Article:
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Indybay FeatureRelated Categories: East Bay | Global Justice and Anti-Capitalism | Government & Elections | Health, Housing, and Public Services | Police State and Prisons | Racial Justice
"Dream Bigger Than Cops & Condos": #SaveE12th Activists Takeover Oakland City Council
On Tuesday May 5th, Black.Seed, Asians4BlackLives, and allies shut-down the Oakland City Council and held a People's City Council against a proposed development on East 12th Street. The development, up for a vote at that evening's city council meeting, includes no affordable housing and links to the larger wave of displacement being felt throughout Oakland and the bay area. According to the activists, the high-rise luxury condos include one bedrooms upwards of $3,150/month. The condos are proposed by Urban Core and real estate firm UDR. The activists stood in solidarity with the #BlackLivesMatter movement, linking gentrification to increased policing, and criminalization of Black and Brown people.
Mayor Libby Shaaf had just finished the presentation of her 2015-2017 budget, when dozens of chanting activists marched through the door, passed the gates and stood on the dais. A small group stepped in front of the sitting Oakland City Council and took over the stage. The hands of the nine activists were tied together and placed inside lockboxes. Stenciled on the black boxes was “No Justice, No Peace”. They faced the crowd, which faced a banner that said: “The People’s City Council.”
The facial expressions on the faces of the Oakland City Council ranged from puzzled, to frustrated, to non-registering. The largely sympathetic crowd filled the chambers. Those with Coalition for Police Accountability shirts and Justice for Alan Blueford shirts where there for a vote on the Civilian Police Review Board which was supposed to occur that evening. Much of the crowd was there for the same reason as that evening’s People’s City Council: to halt the construction of a luxury, high-rise apartment building on the East 12th Street land parcel in the Eastlake neighborhood near Lake Merritt.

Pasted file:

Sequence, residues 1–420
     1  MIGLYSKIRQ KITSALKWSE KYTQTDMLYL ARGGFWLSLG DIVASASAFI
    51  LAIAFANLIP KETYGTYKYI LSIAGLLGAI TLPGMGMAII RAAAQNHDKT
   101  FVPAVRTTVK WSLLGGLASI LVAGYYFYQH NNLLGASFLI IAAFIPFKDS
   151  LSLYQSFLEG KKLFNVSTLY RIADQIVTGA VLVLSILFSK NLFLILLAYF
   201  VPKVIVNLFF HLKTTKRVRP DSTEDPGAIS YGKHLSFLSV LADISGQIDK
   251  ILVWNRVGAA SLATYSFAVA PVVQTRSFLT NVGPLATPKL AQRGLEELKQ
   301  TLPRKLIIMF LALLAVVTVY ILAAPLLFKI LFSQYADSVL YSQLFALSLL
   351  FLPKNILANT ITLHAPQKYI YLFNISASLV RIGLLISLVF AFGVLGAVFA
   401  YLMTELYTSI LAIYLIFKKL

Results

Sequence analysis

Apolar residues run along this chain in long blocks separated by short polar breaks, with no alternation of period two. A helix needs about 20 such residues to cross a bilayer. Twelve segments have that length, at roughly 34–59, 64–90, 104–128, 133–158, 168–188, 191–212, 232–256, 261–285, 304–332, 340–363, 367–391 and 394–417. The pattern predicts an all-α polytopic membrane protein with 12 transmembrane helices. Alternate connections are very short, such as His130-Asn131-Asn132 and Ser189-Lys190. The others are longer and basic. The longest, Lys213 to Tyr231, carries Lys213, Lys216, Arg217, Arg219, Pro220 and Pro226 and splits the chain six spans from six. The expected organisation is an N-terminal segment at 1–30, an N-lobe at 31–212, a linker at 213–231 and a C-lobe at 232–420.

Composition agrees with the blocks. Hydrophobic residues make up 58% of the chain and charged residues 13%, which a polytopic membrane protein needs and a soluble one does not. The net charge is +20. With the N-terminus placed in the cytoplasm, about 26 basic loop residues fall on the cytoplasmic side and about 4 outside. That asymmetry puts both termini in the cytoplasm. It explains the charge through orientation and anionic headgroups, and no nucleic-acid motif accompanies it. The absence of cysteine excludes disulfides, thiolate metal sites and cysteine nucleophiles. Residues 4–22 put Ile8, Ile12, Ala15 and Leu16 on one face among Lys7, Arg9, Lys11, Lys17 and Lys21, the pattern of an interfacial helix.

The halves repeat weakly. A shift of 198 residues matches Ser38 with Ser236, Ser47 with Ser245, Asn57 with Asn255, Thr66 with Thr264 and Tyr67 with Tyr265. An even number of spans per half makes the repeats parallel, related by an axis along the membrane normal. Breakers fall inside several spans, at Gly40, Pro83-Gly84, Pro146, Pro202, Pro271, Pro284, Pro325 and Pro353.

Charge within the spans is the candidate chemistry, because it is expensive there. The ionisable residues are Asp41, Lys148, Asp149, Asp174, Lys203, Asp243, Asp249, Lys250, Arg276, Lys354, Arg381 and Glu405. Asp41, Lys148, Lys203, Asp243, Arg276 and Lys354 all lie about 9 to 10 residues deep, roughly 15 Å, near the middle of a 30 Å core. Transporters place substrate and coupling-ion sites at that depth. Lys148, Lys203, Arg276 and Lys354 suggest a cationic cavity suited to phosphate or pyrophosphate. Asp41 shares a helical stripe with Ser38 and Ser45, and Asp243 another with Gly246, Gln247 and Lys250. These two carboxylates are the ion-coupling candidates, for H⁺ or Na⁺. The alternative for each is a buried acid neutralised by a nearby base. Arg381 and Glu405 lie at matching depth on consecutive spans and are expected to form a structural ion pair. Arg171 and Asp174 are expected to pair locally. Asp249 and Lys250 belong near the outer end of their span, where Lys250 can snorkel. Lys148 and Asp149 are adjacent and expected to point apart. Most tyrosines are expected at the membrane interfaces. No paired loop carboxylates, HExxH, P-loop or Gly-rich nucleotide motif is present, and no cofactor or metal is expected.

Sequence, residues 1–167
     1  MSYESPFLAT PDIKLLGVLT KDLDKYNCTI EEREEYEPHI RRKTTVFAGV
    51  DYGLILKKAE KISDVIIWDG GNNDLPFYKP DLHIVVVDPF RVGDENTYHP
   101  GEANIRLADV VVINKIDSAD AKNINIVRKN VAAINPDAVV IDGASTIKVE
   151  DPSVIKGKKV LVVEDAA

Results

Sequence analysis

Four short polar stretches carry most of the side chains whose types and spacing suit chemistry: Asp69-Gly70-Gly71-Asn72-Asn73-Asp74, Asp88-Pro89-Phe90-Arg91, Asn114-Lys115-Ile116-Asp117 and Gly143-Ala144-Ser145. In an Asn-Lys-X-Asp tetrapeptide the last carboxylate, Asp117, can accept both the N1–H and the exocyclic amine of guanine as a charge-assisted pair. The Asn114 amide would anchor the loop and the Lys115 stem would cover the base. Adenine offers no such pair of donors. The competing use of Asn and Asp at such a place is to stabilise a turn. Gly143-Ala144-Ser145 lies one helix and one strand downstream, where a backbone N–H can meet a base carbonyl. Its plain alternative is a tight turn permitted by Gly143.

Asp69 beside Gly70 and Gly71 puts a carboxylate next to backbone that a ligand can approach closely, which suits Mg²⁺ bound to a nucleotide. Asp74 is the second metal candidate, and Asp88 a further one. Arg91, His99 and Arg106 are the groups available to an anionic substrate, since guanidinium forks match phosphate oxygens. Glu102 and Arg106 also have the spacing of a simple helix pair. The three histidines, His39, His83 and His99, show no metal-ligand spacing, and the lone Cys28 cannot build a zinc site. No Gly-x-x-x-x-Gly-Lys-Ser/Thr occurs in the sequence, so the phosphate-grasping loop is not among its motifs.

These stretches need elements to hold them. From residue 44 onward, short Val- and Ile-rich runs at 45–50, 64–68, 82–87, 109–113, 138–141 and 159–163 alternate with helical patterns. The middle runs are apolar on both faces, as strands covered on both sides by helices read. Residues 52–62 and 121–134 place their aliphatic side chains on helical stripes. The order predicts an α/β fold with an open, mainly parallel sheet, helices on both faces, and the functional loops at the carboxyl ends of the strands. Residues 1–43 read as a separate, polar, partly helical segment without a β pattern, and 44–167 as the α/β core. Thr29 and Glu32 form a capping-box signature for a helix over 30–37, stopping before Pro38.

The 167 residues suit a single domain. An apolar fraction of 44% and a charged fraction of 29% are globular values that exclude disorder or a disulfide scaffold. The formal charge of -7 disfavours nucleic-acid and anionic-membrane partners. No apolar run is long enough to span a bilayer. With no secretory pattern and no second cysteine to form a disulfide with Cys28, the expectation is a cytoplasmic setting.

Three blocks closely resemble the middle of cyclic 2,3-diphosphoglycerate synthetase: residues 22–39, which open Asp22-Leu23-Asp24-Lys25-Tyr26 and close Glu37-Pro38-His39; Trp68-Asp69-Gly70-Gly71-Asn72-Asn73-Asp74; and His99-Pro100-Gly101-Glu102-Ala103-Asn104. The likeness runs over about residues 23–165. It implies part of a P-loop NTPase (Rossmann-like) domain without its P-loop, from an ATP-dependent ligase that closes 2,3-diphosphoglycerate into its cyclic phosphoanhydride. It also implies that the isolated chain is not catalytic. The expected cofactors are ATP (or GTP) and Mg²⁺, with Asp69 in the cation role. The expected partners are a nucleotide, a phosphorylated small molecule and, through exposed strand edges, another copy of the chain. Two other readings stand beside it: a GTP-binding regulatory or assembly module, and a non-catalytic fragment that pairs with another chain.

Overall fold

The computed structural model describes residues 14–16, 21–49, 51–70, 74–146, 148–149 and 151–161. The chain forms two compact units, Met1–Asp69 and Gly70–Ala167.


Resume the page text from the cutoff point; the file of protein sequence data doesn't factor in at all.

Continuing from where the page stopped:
For the past few months there have been calls to shut down business as usual. Through these shutdowns – which range from housing auctions, to freeways, to federal buildings, to the ILWU Local 10 sponsored shutdown of the Port of Oakland – the movement aims to mobilize, organize the masses, and to prevent specific oppressive acts. Whether by hitting the checkbooks of the powerful (ex: port-shutdown) or by physically preventing business from being done (ex: blocking foreclosure auctions), these shutdowns aim to materially alter our cities and open up space for liberatory conversations and acts. When the People’s City Council marched into the room and took over the council chambers, they created a space of power for the Black, Brown, and displaced residents of Oakland.
The People’s City Council opened their meeting with by allowing impacted individuals from Eastlake and Oakland to speak before the council. Residents, educators, workers, those displaced, all spoke of their inability to live in the city they call home. The organizers of the event were sure to note that there were no time limits for speakers. Through a megaphone one organizer critiqued the city council, saying, “We can dream bigger than cops and condos for our city.”
The cry to “dream big” for Oakland is a call to activate our revolutionary public imagination and fight for the institutional changes that can turn the imaginary, material. Behind the People’s City Council, as hackers had taken over the projector, were the words “A People’s Budget, Not a Policing Budget.” This message is not lip service, but is tied to a growing movement in Oakland to put the People in charge of the budget. There are many organizations fighting to increase community involvement in the city’s budgetary process. One such group, the Community Democracy Project, has been holding public dialogues and petitioning in favor of what has become known as a “People’s Budget.” The call for a radical imagination was echoed the Sunday before during the BlackOUT Collective’s #Oakland2Baltimore rally at City Hall. In front of one hundred or so people, the Black, female-led organization called for Black people to “imagine a world where Black lives matter.” This call is uniquely necessary now; almost 50% of Mayor Libby Shaaf’s proposed budget is allocated to the police.